EU to Probe Spanish Energy Policy?

Laws that could block German outfit E.ON's bid to take over Endesa may violate basic treaty principles, says the commission

The European Commission has said it will decide in early September on whether to take legal action against Spain for enacting new laws that could prevent the country's largest power company being taken over by a German energy concern.

Madrid gave extra powers to its national energy commission, CNE, in February meaning it could block Germany's E.ON bid for Spain's Endesa.

"We think the energy committee, as it was set up, is not in compliance with European law. We said we think this is violating basic treaty principles primarily freedom of movement of capital," said a commission internal market spokesperson on Wednesday (26 July).

The empowerment of CNE is seen in Brussels as an attempt to prevent the German takeover of Endesa, which is already in the sights of another Spanish energy firm Gas Natural.

The EU executive has spoken out against creating national energy champions, which it says clashes with its aim of a single European energy market.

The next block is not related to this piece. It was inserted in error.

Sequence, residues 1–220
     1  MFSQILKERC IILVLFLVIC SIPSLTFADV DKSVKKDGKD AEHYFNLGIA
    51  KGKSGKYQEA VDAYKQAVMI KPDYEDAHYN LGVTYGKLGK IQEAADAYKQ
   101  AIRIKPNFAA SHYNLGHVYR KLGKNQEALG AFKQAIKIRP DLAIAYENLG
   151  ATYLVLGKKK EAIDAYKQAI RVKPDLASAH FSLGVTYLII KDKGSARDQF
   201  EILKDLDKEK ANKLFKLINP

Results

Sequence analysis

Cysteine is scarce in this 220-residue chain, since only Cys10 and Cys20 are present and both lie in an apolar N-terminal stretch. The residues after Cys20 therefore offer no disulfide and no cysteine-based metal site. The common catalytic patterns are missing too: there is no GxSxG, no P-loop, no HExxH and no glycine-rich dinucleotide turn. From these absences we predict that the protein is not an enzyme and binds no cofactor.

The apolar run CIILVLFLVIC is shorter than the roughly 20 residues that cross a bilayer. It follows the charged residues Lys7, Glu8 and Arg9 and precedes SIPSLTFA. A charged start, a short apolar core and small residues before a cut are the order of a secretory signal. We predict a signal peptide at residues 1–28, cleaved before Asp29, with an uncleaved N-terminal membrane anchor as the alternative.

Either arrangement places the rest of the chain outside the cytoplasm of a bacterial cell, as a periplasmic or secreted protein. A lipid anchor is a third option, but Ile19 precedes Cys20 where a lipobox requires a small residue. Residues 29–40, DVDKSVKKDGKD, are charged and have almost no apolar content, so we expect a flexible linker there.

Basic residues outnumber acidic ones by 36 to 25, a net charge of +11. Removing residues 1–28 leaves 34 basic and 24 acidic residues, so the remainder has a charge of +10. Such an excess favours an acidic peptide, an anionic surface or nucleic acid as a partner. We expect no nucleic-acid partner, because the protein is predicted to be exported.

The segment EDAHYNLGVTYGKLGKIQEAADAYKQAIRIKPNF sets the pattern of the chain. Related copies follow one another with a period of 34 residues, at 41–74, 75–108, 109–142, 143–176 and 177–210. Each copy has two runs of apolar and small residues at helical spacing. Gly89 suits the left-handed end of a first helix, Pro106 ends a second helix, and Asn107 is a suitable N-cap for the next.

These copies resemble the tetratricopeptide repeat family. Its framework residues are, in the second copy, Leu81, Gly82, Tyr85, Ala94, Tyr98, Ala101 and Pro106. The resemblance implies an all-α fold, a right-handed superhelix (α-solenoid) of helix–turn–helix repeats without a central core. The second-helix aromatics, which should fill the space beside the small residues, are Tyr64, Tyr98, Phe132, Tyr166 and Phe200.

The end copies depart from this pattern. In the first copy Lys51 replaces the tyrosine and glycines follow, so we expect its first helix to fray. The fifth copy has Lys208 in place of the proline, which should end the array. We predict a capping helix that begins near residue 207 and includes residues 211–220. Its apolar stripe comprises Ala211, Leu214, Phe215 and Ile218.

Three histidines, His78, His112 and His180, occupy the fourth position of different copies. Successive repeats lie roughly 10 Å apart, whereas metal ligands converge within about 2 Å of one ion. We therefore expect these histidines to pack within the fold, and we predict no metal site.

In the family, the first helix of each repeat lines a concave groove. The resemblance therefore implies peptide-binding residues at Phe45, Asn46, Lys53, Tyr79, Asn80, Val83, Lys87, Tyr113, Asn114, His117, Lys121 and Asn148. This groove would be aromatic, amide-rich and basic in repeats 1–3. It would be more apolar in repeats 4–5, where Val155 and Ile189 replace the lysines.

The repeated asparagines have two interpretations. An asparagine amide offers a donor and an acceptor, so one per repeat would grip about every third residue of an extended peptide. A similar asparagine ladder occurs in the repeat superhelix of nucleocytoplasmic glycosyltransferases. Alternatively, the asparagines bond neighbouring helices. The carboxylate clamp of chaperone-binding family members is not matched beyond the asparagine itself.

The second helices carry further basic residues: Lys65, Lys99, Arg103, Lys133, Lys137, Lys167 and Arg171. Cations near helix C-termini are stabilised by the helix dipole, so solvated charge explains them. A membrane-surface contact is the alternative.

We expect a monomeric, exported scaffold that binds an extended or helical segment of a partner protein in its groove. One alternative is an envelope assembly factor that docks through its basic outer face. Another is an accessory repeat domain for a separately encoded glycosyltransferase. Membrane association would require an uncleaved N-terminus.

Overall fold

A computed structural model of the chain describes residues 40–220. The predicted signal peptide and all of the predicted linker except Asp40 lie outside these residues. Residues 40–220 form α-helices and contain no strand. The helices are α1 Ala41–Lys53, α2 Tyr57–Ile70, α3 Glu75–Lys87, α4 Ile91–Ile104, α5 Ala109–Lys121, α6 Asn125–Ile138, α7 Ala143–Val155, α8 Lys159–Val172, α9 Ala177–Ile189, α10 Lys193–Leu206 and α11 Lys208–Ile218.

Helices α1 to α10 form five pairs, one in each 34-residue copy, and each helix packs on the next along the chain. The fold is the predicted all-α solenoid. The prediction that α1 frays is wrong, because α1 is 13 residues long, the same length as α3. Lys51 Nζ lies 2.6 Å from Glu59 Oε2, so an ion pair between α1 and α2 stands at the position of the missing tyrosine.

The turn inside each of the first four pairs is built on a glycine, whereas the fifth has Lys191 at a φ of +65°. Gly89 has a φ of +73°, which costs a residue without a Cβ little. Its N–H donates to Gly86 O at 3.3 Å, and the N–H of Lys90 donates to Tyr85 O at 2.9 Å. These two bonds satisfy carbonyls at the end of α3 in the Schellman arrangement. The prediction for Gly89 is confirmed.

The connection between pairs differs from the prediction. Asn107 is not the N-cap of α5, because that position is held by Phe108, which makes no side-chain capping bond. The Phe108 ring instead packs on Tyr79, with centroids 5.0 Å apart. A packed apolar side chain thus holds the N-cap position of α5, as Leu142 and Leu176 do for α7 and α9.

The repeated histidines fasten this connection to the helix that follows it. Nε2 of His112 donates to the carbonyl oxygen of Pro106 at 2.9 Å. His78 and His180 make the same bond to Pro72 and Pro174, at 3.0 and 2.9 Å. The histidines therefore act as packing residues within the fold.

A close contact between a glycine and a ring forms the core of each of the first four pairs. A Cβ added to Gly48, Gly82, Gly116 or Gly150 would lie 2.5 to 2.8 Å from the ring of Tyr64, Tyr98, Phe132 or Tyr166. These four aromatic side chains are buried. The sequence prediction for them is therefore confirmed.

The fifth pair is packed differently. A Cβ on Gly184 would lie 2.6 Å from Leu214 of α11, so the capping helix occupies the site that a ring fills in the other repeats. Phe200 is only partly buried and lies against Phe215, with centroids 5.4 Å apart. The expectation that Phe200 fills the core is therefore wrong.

The commission is waiting for a letter from the Spanish authorities explaining its decision to give more power to the country's energy regulator. Expected to arrive this week, it will be formally analysed and used in the decision on whether or not to take legal action.

Some believe that Brussels will go ahead with the legal route.

"All signs point to the EU intervening," said head of Endesa Rafael Miranda at a presentation on Tuesday (25 July), according to AFX News.

The comment comes just two days before CNE is expected to decide whether it approves or vetoes the hostile takeover bid of Endesa by E.ON.

Rumours circulated in the Spanish press on Tuesday that the national regulator is considering imposing an eight-month time limit on E.ON to sell its Ruhrgas gas unit as a condition for the regulator's approval of its bid for Endesa.

Ruhrgas is the biggest gas supplier in Germany and the third in Europe with 60 percent of the market.

But analysts generally believe that E.ON will not accept the sale of its gas unit as a condition and will take the issue to the EU commission.

The Spanish government has continuously argued that it is in the public interest to protect energy suppliers from foreign takeover, as this would put their security of supply at risk.

Brussels in April cleared the E.ON bid for Endesa, which it says raises no competition issues.

If the EU executive finds that the Spanish arguments are not sufficient, it could take Madrid to the European Court of Justice.

Before it's here, it's on the Bloomberg Terminal.